Saturday, April 14, 2007

Nobody Walks In LA

When I first got my license, I loved to slip into my shitty little 1982 Ford Escort and escape to wherever I wished. "I'm off to church," I'd tell my mom, and then spend Sunday morning cruising the backroads of the surrounding farming communities. I'd find places more beautiful than I could have imagined, dappled with sunshine, overgrown with wildflowers. I'd play music in the car that my parents frowned upon at home, at a volume that probably permanently affected my hearing, singing along happily, windows down, hair whipping into my mouth, utterly free.

I drove to Chicago when I was supposed to be in South Bend. I drove to Indianapolis when I was supposed to be at a friend's house. I wasn't a bad kid, I just wanted to go where I wanted to go - and for the first time in my life, I could do it! All I needed was my driver's license and a tank of gas.

When I moved to Los Angeles to go to college, I didn't have a car. I missed it a little, but mostly I was enthralled with being someplace new and meeting all these different people and being drunk on a regular basis. In the summer after my sophomore year, my parents bought me a 1988 Pontiac Grand Am while I was visiting them in Indiana. I lied, as usual, and told them I was going to caravan to LA with a friend of mine. I hopped in the car and drove across the country by myself, with nothing but my cassette tapes to keep me company.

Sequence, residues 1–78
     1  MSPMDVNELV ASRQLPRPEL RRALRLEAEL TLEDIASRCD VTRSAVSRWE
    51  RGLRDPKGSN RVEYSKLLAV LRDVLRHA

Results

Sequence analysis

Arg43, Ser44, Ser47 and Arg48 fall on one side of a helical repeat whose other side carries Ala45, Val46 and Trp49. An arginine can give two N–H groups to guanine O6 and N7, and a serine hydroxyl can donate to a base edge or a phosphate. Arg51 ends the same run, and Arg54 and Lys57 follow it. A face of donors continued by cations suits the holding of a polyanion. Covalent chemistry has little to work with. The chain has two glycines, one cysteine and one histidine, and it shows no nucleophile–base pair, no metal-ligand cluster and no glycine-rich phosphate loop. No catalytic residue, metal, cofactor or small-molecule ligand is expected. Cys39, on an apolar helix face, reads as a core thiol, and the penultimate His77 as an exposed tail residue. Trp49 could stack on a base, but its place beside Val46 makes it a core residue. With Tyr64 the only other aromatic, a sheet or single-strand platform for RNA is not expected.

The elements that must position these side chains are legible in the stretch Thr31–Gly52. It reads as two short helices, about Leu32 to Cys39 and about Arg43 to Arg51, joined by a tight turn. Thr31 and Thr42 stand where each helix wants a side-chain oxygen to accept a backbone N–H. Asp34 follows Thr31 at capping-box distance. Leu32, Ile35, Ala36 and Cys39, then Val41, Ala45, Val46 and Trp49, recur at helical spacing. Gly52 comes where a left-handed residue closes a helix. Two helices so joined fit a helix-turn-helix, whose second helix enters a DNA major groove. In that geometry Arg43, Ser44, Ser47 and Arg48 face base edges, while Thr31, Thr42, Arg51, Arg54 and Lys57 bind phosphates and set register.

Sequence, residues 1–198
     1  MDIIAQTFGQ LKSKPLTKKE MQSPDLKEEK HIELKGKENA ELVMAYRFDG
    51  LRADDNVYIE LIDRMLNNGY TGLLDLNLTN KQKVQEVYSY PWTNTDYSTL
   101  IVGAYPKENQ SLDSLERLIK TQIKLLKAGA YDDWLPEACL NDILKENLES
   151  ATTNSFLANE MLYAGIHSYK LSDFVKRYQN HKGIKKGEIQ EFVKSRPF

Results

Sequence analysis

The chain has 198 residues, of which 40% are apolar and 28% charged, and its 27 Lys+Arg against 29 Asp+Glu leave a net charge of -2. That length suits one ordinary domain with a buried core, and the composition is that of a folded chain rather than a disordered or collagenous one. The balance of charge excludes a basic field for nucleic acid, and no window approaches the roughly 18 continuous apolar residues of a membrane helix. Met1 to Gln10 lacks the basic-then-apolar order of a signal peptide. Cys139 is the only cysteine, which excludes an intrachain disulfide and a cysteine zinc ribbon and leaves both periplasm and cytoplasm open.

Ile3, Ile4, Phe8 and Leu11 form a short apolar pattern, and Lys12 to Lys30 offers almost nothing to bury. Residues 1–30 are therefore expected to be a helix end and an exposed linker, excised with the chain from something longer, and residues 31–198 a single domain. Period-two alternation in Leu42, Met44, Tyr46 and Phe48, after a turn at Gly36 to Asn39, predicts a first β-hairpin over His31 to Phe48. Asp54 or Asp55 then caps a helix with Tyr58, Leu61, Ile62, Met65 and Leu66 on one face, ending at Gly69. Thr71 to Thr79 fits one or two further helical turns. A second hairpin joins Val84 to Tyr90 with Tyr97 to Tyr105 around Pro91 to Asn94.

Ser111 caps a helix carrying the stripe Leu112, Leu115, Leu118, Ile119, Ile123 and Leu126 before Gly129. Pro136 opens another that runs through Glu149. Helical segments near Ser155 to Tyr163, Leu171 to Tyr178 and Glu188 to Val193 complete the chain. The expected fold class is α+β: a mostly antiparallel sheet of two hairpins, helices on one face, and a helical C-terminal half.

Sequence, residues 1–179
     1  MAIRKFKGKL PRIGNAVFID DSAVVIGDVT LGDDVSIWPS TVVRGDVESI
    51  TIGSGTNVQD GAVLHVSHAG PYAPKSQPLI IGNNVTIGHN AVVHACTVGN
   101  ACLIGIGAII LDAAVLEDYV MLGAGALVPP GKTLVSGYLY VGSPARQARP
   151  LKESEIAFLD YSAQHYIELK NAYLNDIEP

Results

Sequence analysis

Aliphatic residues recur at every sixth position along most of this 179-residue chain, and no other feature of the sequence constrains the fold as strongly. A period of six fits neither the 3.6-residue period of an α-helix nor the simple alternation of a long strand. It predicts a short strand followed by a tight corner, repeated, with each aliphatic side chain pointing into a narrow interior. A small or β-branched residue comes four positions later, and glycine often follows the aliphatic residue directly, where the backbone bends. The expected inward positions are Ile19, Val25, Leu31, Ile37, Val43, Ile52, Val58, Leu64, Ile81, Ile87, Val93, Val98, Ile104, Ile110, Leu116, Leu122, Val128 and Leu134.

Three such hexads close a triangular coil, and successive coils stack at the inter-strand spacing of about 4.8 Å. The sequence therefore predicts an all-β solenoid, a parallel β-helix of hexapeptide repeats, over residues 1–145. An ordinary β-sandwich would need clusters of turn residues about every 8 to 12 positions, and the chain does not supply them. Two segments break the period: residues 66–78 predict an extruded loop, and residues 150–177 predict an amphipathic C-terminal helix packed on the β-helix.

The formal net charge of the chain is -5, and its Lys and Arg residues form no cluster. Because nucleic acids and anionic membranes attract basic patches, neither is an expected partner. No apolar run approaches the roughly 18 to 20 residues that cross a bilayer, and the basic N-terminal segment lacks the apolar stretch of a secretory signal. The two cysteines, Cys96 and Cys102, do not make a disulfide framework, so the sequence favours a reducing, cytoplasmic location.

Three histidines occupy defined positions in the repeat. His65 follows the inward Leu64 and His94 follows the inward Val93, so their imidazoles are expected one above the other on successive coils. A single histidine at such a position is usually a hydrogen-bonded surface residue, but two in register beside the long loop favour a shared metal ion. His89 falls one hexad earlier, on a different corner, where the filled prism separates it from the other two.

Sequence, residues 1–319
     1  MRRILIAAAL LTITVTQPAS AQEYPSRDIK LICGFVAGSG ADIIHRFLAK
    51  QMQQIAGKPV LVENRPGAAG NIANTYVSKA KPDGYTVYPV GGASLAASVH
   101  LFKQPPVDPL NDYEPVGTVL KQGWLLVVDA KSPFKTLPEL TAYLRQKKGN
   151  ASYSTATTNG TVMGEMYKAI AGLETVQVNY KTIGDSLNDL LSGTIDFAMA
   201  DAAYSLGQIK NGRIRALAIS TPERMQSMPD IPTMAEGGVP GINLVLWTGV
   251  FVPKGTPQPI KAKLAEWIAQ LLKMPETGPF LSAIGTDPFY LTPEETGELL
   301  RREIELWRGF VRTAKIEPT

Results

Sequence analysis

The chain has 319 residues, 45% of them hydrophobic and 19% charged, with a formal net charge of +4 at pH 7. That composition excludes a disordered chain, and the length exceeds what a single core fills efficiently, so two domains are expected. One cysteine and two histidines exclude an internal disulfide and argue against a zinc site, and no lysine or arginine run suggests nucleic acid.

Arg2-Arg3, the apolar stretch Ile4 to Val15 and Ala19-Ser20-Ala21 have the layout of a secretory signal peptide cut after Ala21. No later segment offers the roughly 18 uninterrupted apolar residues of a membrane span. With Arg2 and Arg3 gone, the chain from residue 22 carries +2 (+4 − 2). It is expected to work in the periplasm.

I saw a giant cross in the middle of nowhere. I laughed at signs warning me of escaped convicts and telling me about quaint and mysterious tourist traps like donkey and burro farms. In New Mexico I was pulled over for speeding. I never paid the ticket and got my license suspended the next year. I have no idea why I thought I could get away with that.

Anyways, having my car changed the way I saw the city. I've always had a touch of insomnia, which is easily triggered when I'm under stress. My junior year was hellish, and I spent many late nights driving aimlessly, drinking sodas from 7-11 and seeing a Los Angeles that I fell in love with over and over again. I drove Sixth Street through Hancock Park, marveling at the beautiful and stately homes. I drove Laurel Canyon on my first venture into the Valley. Mulholland Drive seduced me with its curves and views. As a sheltered Midwestern girl, driving across the Sixth Street Bridge or down Crenshaw Boulevard introduced me to worlds I didn't know existed.

Even after college, living in Glendale, I loved to go cruising around in the evenings. It's those late-night jaunts that introduced me to the Colorado Street Bridge, the roads through Griffith Park, the wide beauty of the boulevards in Eagle Rock. I even made another cross-country trip, alone again, after I bought my first new car.

It wasn't until I moved to the Westside that I found myself a commuter, someone who hated traffic and driving and everything associated with being in my car. It only got worse when I moved to Long Beach and had a three-hour roundtrip to Pasadena every day. Even a 6-CD changer couldn't take away my driving blues.

This is all just build up for me to say that I've rediscovered the joy of driving. I've gotten in my car a few times this week and picked a direction, not certain of where I wanted to go, but just wanting the solitude and pleasure of being behind the wheel, listening to music, and driving in LA. And I think I'm falling in love all over again.

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